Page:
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A heated debate is underway at the African National Congress' (ANC's) 5th National Policy Conference over "white monopoly capital".
On Tuesday, National Executive Committee member Joel Netshitenzhe released a report, which claimed that nine out of 11 commissions had rejected racially defining monopoly capital and labelling it as the enemy of the "national democratic revolution".
At least three sources inside plenary told News24 that secretary general Gwede Mantashe had told the conference plenary that mentioning the numbers was a mishap.
He told plenary that it was pitting comrades against each other and making them fight. He said it not meant to be communicated publicly.
Netshitenzhe told journalists that the relationship between the ANC and monopoly capital was one of unity, cooperation and contestation, as per a resolution adopted at the 2007 Polokwane elective conference.
Refusal to apologise
President Jacob Zuma's supporters rejected Netshitenzhe's report, saying it was not a true reflection of deliberations at the conference.
The matter was referred to the steering committee after it was raised by ANC Youth League secretary general Njabulo Nzuza.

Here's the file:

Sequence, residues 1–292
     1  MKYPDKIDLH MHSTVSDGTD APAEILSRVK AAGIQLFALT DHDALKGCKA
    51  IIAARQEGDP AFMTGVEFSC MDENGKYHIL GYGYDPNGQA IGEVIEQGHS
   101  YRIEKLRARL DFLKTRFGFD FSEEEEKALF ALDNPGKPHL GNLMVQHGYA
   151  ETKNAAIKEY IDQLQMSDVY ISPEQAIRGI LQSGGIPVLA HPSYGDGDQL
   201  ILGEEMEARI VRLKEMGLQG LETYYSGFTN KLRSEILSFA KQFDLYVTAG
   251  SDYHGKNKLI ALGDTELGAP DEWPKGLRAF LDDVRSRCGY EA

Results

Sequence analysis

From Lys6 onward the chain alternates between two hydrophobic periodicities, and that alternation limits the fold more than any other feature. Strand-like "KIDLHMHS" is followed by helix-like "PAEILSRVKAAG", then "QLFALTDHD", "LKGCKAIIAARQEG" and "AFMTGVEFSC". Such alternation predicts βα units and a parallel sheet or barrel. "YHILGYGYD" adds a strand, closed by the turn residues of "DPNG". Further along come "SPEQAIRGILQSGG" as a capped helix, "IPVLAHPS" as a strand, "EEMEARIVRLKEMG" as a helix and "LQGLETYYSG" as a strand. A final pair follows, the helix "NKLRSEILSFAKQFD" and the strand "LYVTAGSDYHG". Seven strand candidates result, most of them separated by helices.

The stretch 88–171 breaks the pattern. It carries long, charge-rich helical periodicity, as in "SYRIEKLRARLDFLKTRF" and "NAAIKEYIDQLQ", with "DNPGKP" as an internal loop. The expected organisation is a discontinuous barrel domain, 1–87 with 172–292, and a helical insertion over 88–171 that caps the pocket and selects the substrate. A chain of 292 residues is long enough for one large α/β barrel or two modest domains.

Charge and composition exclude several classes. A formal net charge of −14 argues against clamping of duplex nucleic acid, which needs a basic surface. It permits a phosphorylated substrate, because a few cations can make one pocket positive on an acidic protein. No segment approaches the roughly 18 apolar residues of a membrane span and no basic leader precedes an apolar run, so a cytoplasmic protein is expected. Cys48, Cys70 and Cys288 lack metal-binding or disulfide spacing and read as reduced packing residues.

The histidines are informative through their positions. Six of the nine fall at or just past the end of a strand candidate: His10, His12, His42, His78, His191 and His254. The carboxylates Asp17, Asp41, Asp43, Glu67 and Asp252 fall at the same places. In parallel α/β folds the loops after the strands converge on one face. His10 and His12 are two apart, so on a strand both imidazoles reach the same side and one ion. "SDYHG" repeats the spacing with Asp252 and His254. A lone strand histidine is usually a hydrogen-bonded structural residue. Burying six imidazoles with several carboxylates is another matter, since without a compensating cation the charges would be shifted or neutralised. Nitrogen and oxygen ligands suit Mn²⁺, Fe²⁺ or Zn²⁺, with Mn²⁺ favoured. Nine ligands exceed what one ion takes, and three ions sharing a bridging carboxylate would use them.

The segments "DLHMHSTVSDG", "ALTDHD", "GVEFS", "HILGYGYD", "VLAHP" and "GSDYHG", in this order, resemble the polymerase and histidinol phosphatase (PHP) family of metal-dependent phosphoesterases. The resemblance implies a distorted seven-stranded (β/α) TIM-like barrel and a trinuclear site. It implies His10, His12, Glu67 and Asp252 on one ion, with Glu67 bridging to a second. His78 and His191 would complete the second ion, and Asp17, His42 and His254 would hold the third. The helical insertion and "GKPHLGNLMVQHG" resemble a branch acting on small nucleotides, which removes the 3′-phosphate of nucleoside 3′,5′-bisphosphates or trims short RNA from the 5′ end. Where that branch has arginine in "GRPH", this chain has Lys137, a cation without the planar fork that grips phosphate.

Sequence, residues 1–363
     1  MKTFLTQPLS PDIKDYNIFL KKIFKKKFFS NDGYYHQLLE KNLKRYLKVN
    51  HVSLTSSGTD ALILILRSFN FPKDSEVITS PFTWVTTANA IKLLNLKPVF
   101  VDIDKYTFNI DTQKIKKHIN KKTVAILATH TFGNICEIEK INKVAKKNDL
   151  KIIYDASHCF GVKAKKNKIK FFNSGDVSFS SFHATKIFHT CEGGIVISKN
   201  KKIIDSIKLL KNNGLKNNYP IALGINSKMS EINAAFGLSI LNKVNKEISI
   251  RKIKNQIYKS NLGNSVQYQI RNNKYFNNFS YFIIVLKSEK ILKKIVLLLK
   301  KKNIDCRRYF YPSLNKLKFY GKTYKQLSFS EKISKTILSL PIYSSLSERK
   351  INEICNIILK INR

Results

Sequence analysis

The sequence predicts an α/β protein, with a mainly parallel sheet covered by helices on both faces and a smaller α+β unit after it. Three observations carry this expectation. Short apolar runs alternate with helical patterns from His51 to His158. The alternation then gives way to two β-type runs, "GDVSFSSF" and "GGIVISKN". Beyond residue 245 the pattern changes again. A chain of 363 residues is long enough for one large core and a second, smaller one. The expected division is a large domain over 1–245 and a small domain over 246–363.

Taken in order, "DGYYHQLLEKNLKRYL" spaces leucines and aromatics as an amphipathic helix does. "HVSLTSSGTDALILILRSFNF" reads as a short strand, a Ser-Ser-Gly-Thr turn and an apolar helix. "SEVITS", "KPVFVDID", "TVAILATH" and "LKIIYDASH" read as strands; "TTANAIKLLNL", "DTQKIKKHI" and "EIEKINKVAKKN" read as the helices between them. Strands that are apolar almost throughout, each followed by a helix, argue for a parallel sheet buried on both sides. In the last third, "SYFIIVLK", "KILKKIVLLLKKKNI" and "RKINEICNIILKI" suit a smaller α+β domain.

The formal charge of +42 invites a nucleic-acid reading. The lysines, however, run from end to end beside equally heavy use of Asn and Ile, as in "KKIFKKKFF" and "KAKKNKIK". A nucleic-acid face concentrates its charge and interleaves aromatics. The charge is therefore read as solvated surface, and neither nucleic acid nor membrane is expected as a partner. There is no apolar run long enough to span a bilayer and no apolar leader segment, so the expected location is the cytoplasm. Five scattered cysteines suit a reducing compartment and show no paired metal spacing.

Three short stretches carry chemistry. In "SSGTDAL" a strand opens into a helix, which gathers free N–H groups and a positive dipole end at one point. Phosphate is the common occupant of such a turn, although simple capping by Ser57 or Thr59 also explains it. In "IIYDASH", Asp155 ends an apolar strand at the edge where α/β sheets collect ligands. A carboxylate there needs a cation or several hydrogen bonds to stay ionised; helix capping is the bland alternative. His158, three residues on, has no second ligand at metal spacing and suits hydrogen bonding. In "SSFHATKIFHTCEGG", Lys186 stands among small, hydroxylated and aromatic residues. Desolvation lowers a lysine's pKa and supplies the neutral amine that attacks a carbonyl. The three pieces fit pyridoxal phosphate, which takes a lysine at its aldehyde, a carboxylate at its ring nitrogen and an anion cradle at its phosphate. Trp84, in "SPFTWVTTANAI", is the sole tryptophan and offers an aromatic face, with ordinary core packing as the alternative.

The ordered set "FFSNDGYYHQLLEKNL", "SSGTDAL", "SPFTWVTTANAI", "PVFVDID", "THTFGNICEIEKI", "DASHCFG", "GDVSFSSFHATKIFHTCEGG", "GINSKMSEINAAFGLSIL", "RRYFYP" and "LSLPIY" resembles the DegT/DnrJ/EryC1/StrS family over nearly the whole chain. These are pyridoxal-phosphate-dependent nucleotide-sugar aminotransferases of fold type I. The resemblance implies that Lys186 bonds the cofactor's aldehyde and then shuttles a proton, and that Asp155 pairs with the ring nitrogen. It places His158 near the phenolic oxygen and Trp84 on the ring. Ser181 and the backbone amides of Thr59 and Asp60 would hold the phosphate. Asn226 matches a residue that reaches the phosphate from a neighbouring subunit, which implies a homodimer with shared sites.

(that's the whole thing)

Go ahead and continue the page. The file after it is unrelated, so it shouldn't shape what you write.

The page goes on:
Netshitenzhe was asked to apologise at plenary, but refused, insisting that what he had reported to the media briefing was factual.
ANC KwaZulu-Natal chairperson Sihle Zikalala demanded that Netshitenzhe's refusal to apologise be referred to the conference steering committee. He accused some in the conference of not caring about the "unity and the stability" of the party.
He also insisted that Netshitenzhe report was not a true reflection of deliberations.
"If the steering committee is unable to meet before the end of this policy conference, I recommend that it refer it to the NEC [national executive committee]," Zikalala said.
The issue of white monopoly capital versus monopoly capital was referred back to the branches to discuss and will be concluded at the December national elective conference.
The topic was contentious ahead of the conference, with arguments being pushed along factional lines ahead of the presidential race.
Supporters of current deputy president Cyril Ramaphosa argued that monopoly capital had no colour, but Zuma's allies - and by extension, those of presidential hopeful Nkosazana Dlamini-Zuma - want it to be racially defined.